Tausret: Forgotten Queen and Pharaoh of Egypt
Okamura, Lawrence, The Historian
Tausret: Forgotten Queen and Pharaoh of Egypt. Edited by Richard H. Wilkinson. (Oxford, England: Oxford University Press, 2012. Pp. x, 168. $35.00.)
In Percy Bysshe Shelley's sonnet "Ozymandias," titled after the pharaoh's throne name User-maat-ra, the inscription on a colossal statue of Rameses II (the Great) declares the transience of even mighty rulers and their works. Oblivion did follow Rameses's grandchild Ta-Usret, "The Powerful One," whose death ended the New Kingdom's Nineteenth Dynasty. A trace of the grandchild appears in a historical synopsis compiled by the Byzantine chronographer George Syncellus [ca. 802]. Drawing upon royal lists recorded in an epitome by the Hellenized Egyptian priest Manetho (third century BCE), Syncellus arranged rulers of the Nineteenth Dynasty, ending with a pharaoh whom Homer (Odyssey, IV, 126) called Polybus but according to Manetho's epitomator, Julius Africanus, was named "Thuoris." Who was "Thuoris"?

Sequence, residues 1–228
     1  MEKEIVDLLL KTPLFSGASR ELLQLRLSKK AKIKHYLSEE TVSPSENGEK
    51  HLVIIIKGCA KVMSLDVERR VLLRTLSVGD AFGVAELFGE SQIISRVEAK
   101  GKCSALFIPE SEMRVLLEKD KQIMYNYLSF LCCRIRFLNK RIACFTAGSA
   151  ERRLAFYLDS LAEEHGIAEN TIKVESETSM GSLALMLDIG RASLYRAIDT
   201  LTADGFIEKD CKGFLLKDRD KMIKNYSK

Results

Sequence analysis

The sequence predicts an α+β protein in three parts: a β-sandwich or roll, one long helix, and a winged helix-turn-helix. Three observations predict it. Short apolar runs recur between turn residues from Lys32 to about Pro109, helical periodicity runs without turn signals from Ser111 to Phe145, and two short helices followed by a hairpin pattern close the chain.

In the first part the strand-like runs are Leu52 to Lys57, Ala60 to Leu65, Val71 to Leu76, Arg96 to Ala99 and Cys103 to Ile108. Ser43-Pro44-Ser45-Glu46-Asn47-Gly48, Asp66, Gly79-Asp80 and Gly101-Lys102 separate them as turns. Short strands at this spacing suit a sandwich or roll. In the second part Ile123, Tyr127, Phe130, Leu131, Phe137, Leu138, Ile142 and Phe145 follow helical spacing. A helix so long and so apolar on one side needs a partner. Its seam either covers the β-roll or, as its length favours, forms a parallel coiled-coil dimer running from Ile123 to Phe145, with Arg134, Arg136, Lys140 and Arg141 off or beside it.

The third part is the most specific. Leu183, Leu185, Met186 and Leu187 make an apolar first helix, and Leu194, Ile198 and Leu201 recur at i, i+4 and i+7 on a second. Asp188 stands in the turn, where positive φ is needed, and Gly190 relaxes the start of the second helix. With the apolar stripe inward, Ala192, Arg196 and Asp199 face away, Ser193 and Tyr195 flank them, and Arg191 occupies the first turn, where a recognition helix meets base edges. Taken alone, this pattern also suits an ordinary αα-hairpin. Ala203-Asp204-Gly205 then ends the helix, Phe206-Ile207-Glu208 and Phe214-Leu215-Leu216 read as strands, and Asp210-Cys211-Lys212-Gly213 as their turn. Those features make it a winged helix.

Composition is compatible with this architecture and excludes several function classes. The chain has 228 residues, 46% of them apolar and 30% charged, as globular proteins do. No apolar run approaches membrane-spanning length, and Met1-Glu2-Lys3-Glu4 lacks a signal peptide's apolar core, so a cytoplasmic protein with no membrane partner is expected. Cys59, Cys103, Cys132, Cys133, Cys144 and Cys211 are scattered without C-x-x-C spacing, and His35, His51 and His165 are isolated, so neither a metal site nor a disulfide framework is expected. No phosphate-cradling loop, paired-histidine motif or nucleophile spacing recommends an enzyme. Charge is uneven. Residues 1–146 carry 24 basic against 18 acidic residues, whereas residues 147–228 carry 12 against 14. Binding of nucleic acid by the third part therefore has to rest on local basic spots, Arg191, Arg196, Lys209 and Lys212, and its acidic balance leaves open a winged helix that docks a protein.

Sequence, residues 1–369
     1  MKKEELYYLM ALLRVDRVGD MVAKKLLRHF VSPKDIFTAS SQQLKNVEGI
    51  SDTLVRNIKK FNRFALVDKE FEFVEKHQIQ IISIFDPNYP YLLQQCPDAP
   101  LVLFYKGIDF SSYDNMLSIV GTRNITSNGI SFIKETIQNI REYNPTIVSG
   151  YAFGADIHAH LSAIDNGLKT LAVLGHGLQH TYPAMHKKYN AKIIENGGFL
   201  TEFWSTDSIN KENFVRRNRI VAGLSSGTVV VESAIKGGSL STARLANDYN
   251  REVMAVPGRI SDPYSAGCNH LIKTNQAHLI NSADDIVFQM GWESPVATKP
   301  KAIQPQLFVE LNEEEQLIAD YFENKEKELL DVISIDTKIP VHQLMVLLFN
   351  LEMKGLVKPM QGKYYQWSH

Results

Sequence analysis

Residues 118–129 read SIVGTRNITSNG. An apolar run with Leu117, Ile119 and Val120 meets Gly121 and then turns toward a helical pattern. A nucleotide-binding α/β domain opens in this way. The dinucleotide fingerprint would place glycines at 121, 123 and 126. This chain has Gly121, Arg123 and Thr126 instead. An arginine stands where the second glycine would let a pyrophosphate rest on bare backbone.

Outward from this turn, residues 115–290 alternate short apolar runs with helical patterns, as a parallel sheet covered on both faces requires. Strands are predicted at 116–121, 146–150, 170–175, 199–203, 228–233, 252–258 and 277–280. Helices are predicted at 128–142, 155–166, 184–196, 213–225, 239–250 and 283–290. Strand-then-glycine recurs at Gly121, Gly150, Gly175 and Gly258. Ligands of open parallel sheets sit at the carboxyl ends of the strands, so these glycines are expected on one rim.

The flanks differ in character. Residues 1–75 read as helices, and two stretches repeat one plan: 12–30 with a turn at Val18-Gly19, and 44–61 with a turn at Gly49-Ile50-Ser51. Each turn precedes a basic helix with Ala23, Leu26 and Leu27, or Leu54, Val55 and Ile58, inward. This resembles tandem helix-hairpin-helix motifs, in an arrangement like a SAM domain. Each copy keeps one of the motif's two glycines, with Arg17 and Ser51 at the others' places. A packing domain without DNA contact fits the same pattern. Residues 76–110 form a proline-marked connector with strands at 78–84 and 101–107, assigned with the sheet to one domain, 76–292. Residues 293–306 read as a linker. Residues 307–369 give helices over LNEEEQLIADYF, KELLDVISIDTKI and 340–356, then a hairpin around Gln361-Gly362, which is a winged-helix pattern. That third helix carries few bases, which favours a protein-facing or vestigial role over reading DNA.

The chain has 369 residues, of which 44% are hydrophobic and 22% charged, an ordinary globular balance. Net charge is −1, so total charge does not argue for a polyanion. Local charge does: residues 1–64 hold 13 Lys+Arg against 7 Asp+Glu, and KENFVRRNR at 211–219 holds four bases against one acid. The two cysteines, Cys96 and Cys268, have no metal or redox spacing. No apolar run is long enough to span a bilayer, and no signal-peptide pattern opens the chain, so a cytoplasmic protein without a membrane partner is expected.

The volume under review comprises chapters by leading Egyptologists. The authors identify Ta-Usret, currently transliterated Tausret, as the granddaughter of Rameses II; disclose her behind the name "Thuoris"; and reconstruct her roles as Queen [of Sety II, 1200-1194 BCE], as regent [to Siptah, 1194-1188 BCE], and as a female pharaoh ruling on her own authority [1188-1186 BCE]. Archaeology has cast some light on Tausret as sole ruler. Her preeminence as the pharaoh entitled her to be buried (tomb KV 14) not in the Valley of the Queens but in the Valley of the Kings, west of the Nile, across from the dynasty's capital, Thebes (modern Luxor). Her empty sarcophagus, reworked and reused, has turned up in the nearby tomb (KV 13) of a powerful chancellor named Bay. …